The early failure of inkjet did not cause the market to go offshore and was not a factor in the exit from the North American textile-manufacturing market. The US market was doing well with print speeds and quality in the true-colour, spot-colour market. However, the cost of setup of analogue workflow was prohibitive and, therefore, uncompetitive. The multiple steps to get the colour approved were too slow and expensive. These would often take weeks or even months for a design to be ready for production. The low cost of labour in Asia and other developing countries decimated the market and moved it offshore.


The market wanted new designs faster and more frequently. Digital inkjet soon found a niche in the textile-garment market. Digital inkjet produced prototypes faster and these did not need to be as colour accurate for ‘Market Week’ buyer shows. It required a pleasing visual appearance and digital inkjet was ‘good enough’ for a Market Week concept display. 

“The answer lies in technology, automation and better colour matching in digital-inkjet production”

Digital inkjet was also a more efficient method for keeping the costs down on presenting concepts that were accepted or might never even sell. Some designs, approved for production, might have multiple colour ways of the same design. There was finally hope of a future for digital inkjet as early as the beginning of the 1980s. The two things digital inkjet had to improve – to be able to run production volumes – were speed and accuracy. The colour had to be right for production.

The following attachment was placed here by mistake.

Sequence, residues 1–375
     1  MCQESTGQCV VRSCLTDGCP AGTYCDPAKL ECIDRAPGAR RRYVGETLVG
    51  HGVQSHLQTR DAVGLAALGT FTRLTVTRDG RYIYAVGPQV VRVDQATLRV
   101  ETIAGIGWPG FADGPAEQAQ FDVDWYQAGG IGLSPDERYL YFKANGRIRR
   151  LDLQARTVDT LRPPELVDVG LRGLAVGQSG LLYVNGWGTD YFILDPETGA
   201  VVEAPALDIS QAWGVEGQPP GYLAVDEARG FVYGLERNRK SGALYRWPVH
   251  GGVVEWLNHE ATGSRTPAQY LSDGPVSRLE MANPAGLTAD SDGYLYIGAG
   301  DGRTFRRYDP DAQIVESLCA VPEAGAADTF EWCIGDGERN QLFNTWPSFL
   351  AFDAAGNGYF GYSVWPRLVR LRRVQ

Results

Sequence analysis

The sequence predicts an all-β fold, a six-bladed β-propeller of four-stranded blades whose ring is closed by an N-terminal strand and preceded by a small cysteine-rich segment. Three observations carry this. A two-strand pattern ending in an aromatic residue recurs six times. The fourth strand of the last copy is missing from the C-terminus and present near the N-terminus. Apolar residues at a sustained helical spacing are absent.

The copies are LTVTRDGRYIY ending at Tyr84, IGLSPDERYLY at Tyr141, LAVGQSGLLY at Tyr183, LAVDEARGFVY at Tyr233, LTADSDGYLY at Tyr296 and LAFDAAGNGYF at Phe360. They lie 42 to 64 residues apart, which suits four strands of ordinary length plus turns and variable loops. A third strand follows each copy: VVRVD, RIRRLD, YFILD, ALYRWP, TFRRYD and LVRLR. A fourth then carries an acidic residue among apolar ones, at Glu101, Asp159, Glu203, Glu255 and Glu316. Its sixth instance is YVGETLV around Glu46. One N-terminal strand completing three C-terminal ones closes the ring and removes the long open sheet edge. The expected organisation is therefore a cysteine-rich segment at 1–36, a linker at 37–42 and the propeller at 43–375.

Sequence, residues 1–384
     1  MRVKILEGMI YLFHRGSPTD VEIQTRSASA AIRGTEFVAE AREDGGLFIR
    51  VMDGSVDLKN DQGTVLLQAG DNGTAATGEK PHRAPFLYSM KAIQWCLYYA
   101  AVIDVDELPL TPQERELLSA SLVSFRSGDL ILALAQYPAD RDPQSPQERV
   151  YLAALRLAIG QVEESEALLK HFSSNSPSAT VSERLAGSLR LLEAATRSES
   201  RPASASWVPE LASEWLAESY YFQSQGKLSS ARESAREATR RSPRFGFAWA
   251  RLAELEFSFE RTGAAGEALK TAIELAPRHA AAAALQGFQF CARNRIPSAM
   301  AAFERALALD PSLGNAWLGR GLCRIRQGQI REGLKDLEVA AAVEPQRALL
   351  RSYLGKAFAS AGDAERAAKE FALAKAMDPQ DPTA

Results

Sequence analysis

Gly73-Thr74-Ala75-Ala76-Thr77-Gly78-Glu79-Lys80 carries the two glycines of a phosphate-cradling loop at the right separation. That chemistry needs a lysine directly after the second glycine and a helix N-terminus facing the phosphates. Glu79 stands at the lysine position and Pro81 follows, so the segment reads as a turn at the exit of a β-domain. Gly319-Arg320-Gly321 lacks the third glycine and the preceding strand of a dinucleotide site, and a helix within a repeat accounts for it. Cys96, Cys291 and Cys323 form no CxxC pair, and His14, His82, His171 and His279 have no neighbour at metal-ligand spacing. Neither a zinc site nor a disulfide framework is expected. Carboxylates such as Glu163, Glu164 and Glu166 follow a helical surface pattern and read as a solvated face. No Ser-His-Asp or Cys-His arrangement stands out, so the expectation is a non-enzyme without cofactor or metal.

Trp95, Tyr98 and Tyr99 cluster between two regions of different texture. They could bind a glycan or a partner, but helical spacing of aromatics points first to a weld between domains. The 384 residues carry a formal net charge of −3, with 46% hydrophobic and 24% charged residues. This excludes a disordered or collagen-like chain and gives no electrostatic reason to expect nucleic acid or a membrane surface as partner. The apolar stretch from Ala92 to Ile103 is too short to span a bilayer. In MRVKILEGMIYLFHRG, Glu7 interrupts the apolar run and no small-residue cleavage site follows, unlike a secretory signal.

As jobs exited the US to Asia and other developing nations, inkjet production was still healthy in Italy, due to innovation. Its manufacturers were developing digital textile-printing equipment, inks, paper and fabric. The supply line was still alive and well in Europe. In contrast, the main US market was home décor that required large runs for low margins. The US could not take advantage of the available, slower digital printers.

True Spot Colours at Sub 1dE high speed
True Spot Colours at Sub 1dE high speed

Digital-inkjet, textile-printing machines were becoming faster. Some were fast enough to compete for small and medium-sized runs. However, the colours were still not accurate enough for the home décor market. 

International Colour Consortium (ICC) profiling was finding a place in prototyping bedding designs and other hospitality designer needs in concept introduction. Still, it could not provide the accuracy needed for production. Most of the printing in this market was dye sublimation on polyester.

The sampling of prototypes was replacing 15 or more rotary screens and/or flexo plates for each colour way. Before digital prototyping the textile and fabric industries were comfortable in the past spending $30,000–$60,000 (€27,000–€50,000) to produce analogue samples for a single show of their new bedding colourway concepts.